One of the more curious interpolations of Harris’s original novels, this comes from his 2000 introduction to Red Dragon in which he describes the circumstances of writing it, working in a small shotgun house in a cotton field while taking care of family in Mississippi. Fuller’s addition (this scene having been imported from the previous episode, where it originally preceded Hannibal and Abigail’s end-of-episode encounter) is that Will feels safe when he does this. This is curious - the security and isolation of his house as a boat in the sea coming only when he is outside of the boat, lost in the darkness of the vast sea. This suggests that safety, for Will, is a sort of dissociative state, only attainable when he is outside of himself.
WILL GRAHAM ...
POTAGE: A thick soup, and a rather striking shift in the heartiness of courses that would probably destabilize a meal coming before egg and oyster courses. In this case, it flags the fact that this is an episode concerned entirely with the larger arc as opposed to with a killer-of-the-week.
WILL GRAHAM: I like you as a buffer. I also like the way you rattle Jack. He respects you too much to yell at you no matter how much he wants to.
ALANA BLOOM: And I take advantage of that.
For all the problems with her character (see next note), Alana is quickly established as intelligent and competent. But even here there’s a certain drabness to her effectiveness, which stems at best from authorial fiat and at worst because he’s unwilling to yell at a woman. And given Jack’s relationships with other female characters, at worst is more likely. As for Alanna taking advantage, well, it’s tough to identify when she does this as opposed to either going along with Jack or protesting ineffectually.
ALANA BLOOM: Brought you some clothes. Thought a change would feel good. I guessed your size. Anything you don’t want keep the tags on. I’ll return ...
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AMUSE-BOUCHE: Literally “mouth amuser,” its function is much the same as an apéritif, but it is a bite-sized food item and thus more substantial, in much the same way that this episode, liberated from the amount of setup and exposition that “Apéritif” had to do, gets to be. A stuffed mushroom cap would be an entirely appropriate choice of amuse-bouche.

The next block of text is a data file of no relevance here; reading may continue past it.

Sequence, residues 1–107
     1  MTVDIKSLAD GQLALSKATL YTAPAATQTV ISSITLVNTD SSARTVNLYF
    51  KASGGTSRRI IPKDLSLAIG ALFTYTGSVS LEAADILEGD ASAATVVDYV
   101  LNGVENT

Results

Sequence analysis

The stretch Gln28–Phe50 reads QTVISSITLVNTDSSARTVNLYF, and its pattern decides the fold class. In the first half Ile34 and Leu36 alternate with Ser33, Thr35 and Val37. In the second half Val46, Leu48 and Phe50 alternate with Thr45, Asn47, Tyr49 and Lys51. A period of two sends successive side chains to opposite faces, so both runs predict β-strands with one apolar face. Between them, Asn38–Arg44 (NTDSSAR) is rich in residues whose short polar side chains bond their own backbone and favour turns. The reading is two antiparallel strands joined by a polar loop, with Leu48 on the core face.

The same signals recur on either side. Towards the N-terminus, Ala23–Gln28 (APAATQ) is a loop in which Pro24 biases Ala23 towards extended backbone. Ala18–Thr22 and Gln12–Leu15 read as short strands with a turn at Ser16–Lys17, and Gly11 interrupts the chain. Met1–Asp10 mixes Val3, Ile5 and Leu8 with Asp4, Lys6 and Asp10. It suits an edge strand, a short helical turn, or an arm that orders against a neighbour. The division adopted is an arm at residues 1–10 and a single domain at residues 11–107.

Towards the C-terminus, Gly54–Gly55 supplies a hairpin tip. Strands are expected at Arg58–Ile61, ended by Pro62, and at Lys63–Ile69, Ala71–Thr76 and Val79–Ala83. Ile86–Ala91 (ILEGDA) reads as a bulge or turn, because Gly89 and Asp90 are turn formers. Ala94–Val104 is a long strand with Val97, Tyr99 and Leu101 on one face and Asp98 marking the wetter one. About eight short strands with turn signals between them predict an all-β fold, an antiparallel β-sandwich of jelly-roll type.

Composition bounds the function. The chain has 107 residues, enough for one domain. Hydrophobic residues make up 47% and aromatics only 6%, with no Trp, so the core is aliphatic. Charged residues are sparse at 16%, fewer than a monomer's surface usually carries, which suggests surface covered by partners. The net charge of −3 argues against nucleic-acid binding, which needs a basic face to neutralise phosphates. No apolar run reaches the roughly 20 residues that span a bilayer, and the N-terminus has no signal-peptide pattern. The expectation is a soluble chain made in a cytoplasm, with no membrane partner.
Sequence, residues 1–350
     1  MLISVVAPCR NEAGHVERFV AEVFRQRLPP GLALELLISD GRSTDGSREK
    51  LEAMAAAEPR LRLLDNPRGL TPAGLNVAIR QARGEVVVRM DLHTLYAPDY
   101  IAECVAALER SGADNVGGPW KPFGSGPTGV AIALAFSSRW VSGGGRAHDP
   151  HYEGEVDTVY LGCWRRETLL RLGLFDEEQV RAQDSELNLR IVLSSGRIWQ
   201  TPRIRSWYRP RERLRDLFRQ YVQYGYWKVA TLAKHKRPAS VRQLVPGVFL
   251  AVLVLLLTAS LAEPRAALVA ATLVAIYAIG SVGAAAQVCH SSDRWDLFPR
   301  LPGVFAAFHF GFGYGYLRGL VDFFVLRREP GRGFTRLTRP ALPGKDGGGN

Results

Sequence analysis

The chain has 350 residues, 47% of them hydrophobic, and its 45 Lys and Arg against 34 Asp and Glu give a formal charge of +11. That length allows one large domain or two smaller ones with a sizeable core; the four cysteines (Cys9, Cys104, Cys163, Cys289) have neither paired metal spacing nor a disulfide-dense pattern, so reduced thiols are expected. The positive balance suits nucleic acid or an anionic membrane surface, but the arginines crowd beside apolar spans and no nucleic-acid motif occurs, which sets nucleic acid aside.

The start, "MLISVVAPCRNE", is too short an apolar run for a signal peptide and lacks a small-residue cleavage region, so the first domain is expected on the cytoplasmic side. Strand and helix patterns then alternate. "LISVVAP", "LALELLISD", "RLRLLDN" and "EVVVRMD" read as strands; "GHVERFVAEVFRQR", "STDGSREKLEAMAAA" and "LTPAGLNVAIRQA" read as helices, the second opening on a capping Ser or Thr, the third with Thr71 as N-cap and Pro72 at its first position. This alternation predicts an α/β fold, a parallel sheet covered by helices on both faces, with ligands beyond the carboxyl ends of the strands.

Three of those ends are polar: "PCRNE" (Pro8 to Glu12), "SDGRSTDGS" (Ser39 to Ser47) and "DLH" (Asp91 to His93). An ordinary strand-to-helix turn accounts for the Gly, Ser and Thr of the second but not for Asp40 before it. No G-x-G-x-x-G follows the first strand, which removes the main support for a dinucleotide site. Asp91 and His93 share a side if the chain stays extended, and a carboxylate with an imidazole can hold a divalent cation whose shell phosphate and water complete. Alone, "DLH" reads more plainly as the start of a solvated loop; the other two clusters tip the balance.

The tiered concrete at which his students sit give the sense of Will having retreated back into the bone arena of his skull.
The show’s distinctive establishing shots are as important as its richly saturated color palette in creating its Chesapeake Gothic atmosphere. The time lapse establishing shots, with clouds whizzing overhead, frame what happens as taking place outside of time, in a fractured dreamscape. Fractured time is a recurring motif in the show, where it serves to indicate the blurring of internal and external landscapes. Here ...
APERTIF: A pre-dinner drink to whet the appetite. In this case, it is an expansion of the Garret Jacob Hobbs case, which, in Red Dragon, is essentially presented as a precursor to a precursor, the case Will worked before Hannibal.
WILL GRAHAM: I shoot Mr. Marlow twice, severing jugulars and carotids with near surgical precision. He will die watching me take what is his away from him. This is my design.
The idiosyncratic “design” sets up the show’s defining perversity: the idea of murder as something that is aestheticized. Significantly, it is Will who introduces this term, whereas Hannibal’s only murder of the episode is Cassie Boyle, which he commits as a pastiche of Garret Jacob Hobbs’s murders. So the two characters begin as doubly opposed. On one level, Hannibal is the creator in that he commits art murders, whereas Will, as the detective interpreting those murders, is the critic. On the other hand, it is Will who is presented as the imaginative figure, whereas Hannibal is reduced to a responsive role, reinterpreting other people’s murders.
It is also worth highlighting what, precisely, the design of the initial murder was. It is not the precision of the kill shot - the ...